and now I'm considering the other assumption, which I haven't finished exploring.
Recalling that you must assume that your memory is reliable in order to be able to rationally consider whether it is reliable.
Recalling that when? While I'm doing my reasoning? Well, yes, I recall "I'm assuming that my memory is reliable". But that's just my assumption, so there is no contradiction there. To think about the consequences of the assumption that memory is reliable I must assume that memory is reliable. Duh. To think derive any arithmetic result, I must assume the axioms. There is no circular thinking there. I'm not concluding my assumptions in either case.
What's more, I'm betting you're going to spend the majority of your life assuming it despite a total lack of evidence - i.e. faith.
That's ridiculous. Do you spend your whole life asking you this question (every time you access one of your memories), having the discussion in your mind, and concluding that you have faith? I doubt it, you wouldn't be able to do anything else. You just don't ask the question with every recall. Me neither. When for some reason I ask the question, I get my answer (or non-answer) and that's it. Just like I don't ask "am I really seeing this, or is this just an illusion?" every time light enters my eyes.
Usefulness is not a measure of truth.
When did I say it was?
"decision... on the basis of which one is more useful."
Why so arbitrary?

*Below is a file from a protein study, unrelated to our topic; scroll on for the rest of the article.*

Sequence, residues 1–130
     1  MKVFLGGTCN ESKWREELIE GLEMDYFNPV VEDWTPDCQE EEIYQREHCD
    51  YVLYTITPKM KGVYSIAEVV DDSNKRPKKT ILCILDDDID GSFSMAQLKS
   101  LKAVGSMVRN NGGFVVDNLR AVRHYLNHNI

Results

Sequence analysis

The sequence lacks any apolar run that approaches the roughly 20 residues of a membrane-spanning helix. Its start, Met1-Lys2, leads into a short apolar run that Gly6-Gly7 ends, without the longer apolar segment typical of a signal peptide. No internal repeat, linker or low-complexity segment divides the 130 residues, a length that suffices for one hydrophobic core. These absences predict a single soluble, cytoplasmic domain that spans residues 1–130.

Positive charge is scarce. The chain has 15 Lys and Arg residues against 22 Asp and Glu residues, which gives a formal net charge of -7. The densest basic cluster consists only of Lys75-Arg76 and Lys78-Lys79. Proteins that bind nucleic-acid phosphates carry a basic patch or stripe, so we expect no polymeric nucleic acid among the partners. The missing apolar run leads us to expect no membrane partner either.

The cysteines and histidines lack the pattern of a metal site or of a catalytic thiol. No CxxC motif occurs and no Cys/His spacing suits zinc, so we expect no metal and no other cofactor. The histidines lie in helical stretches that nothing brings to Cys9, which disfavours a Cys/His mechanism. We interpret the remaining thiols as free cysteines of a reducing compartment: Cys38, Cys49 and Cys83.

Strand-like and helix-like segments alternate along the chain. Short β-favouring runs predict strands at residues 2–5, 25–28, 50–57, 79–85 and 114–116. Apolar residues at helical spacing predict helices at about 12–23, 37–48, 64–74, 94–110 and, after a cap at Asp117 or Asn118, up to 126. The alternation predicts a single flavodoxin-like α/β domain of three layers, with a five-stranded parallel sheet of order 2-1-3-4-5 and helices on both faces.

What does it matter if is arbitrary or not to whether I said if is true or not? I didn't say is a measure of truth. Even if I was arbitrary, I still didn't say that is a measure of truth. Why change the question?
Feel free to construct an scenario in which the competing answers to your question lead to observably different results.
I don't see why one has to be in the position of constructing an experiment in order to usefully ask a question. It's a stupid argument which could have been used (and, indeed, has been used) to defeat all sorts of hypotheses which later experimentation has revealed to be true.
Nope. I said that the question was irrelevant because the answers lead to any observable difference. You replied that given enough time, all questions are irrelevant under my definition ("Given enough time, whatever humans do, I don't think the universe will be observably different."). Well, construct any scenario, in any time scale, in which there is an observable difference. If there is no scenario in which there is a difference, then the question is irrelevant. I just made things easier for you.
Let me simplify this for you. I "observe" (for some definition of "observe") my memory (whatever that is),
Not good enough. How do you observe it? What is it exactly that you're observing?